Firstly include the path to your template file. If the file doesn’t exist, stop the script immediately:

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Associate Products with Multiple Categories Using MySQL

Having a database structure that allows a product to be associated with more than one category is a very common scenario in any eCommerce website. However, after working on a couple of truely awful bespoke solutions from other developers recently, whose methods to store and retreive such data were so convoluted, have inspired me to write this article.

Story such data need to not be overly complicated. The following, simple, table structure is required (in a real ecommerce system you would definately have additional fields – these have been omitted here for thae sake of the example):

product_id (PK)

category_id (PK)

product_id (PK)
category_id (PK)

The products_category table is a simple linking table that allows a many-to-many relationship between the product and category table. It contains to two primary keys to ensure every combination of product and category is unique. for example, this table will contain many unique number pairs and a row may be 1,4 or product_id 1 and category_id 4. The files to create and populate this table structure with sample data can be found here.

Now it is simplay a case of running a series of MySQL statements (I’d advise converting them to stored procedures for more security and better application seperation) to retreieve the appropriate data. For example:

Products Within a Certain Category (E.g. category_id 1):

SELECT p.product_id, FROM product p
INNER JOIN product_category pc
ON p.product_id = pc.product_id
WHERE pc.category_id = '1';

Count Products Within a Certain Category (E.g. category_id 1):

SELECT COUNT(p.product_id) As myCount FROM product p
INNER JOIN product_category pc
ON p.product_id = pc.product_id
WHERE pc.category_id = '1';

…and that’s it. Extremely simple, can be expanded to any eCommerce system and not convoluted at all :)

Multiple Categorisation for SEO

A very common technique in ecommerce, is for products to be assigned a single category – part of the filing cabinet approach to site development. This works for niche ecommerce stores, but not for the majority. For example, a tshirt might belong equally in the following categories:’ red tshirts’, ‘logo tshirts’, ‘mens tshirts’ etc. Additionally there are times when it makes sense to have a multiple categories for a product and can help with conversions(a totally different topic).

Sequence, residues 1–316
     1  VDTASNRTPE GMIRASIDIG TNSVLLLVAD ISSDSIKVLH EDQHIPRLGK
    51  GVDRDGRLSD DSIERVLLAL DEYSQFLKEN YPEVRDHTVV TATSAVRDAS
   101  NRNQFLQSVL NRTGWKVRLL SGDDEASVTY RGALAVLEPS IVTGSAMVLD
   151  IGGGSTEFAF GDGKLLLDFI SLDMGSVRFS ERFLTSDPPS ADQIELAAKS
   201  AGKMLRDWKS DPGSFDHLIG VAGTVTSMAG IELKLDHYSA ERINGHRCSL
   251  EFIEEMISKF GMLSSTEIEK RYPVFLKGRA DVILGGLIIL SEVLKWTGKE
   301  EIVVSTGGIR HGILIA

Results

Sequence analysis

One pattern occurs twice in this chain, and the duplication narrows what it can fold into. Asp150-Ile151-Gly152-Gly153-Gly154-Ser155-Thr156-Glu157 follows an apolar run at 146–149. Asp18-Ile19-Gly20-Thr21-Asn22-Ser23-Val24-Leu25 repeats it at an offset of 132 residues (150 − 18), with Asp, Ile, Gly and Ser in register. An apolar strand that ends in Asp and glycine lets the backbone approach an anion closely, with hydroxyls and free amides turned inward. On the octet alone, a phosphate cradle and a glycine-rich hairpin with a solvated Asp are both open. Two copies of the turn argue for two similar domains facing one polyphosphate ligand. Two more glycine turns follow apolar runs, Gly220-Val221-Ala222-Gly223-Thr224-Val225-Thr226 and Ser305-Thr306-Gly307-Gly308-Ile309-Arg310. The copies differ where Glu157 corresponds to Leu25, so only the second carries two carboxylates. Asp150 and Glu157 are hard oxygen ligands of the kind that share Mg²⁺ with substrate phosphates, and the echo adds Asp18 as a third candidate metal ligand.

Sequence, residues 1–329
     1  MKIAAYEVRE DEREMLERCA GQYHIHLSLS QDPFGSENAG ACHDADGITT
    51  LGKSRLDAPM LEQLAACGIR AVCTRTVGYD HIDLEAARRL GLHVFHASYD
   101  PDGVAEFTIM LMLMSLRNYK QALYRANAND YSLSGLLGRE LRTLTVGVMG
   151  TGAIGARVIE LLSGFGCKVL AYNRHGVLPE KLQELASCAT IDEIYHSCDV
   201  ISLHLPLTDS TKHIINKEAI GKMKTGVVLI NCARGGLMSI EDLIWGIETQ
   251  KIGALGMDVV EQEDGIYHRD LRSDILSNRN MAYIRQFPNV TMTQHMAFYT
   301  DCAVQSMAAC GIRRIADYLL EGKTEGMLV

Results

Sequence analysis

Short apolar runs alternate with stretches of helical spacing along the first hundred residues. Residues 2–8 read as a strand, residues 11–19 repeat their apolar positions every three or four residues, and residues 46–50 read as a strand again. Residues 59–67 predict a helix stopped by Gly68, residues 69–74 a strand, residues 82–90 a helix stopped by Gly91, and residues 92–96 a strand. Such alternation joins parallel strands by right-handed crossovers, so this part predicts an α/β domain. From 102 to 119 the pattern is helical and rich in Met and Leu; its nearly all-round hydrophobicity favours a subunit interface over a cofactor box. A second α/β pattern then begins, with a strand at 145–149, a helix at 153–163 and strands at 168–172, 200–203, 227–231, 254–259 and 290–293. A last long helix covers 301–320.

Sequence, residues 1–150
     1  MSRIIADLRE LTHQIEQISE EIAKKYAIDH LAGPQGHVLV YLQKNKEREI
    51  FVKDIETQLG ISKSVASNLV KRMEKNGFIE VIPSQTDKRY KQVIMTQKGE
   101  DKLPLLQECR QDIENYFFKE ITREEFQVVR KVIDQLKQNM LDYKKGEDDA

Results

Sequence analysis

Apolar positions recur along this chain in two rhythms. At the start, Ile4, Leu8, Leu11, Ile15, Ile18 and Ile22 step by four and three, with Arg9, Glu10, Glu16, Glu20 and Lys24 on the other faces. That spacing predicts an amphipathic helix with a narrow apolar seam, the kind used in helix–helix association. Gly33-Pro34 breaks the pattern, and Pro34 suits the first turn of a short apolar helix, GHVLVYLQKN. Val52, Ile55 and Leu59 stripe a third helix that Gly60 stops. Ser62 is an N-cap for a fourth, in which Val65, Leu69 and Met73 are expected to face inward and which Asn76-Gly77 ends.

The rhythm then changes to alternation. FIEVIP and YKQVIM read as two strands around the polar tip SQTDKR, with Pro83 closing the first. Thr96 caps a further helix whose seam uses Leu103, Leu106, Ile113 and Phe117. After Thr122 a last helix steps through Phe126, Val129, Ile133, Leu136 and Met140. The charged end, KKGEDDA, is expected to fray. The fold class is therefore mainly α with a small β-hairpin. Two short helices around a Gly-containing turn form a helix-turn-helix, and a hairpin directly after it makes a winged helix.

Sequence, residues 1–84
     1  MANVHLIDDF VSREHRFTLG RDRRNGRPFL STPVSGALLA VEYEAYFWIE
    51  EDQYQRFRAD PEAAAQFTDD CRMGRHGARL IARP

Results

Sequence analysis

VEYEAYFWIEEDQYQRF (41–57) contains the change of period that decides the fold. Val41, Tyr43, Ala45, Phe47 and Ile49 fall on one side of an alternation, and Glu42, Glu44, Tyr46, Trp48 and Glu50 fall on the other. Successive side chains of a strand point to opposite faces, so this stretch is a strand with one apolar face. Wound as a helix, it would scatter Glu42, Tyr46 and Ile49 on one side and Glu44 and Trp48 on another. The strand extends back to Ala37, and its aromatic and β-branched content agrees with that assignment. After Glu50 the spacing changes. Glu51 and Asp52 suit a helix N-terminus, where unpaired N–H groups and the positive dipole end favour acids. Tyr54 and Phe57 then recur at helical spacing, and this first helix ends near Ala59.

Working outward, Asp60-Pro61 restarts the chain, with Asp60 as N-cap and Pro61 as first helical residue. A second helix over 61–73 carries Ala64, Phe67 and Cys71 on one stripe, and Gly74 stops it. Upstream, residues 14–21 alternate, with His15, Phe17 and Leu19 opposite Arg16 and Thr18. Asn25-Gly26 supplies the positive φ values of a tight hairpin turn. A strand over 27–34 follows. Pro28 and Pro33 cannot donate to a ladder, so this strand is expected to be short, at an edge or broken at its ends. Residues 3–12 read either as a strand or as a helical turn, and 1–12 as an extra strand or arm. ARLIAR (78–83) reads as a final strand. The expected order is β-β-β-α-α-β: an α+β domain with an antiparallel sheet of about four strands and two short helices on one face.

The special care of multiple categories and SEO is that category pages contain a huge amount keyword rich anchor text. Yes, the majority of ecommerce software and system will allow filtering of results, but the canonical url tag is often used and results in messy links that are not ignored by search engines.

The major issue here is duplicate content – frowned upon by Google and can cause real issues for your site. Yes, a small numbers of pages is within acceptable limits, but when you have store that has hundreds of products duplicate content really can become an issue.

Using our tshirt example from above, say we place a product called ‘super baggy tshirt’ into the ‘red tshirts’ and ‘logo tshirts’ categories – the following two urls would be produced by our ecommerce software – the below structure is very common):

At first glance, this all looks well: SEO friendly URLs, well structured, organised and keyword rich. All this correct, apart from the fact that both URLs represent the same product – here is our duplicate content issue. The duplicate content issue will get worse if the product is placed into more categories.  The easiest solution is to rewrite our product URL to something much simpler:

This will allow us to place the product into as many categories as we need without creating any duplicate content at all – there will always be a single version of the product URL.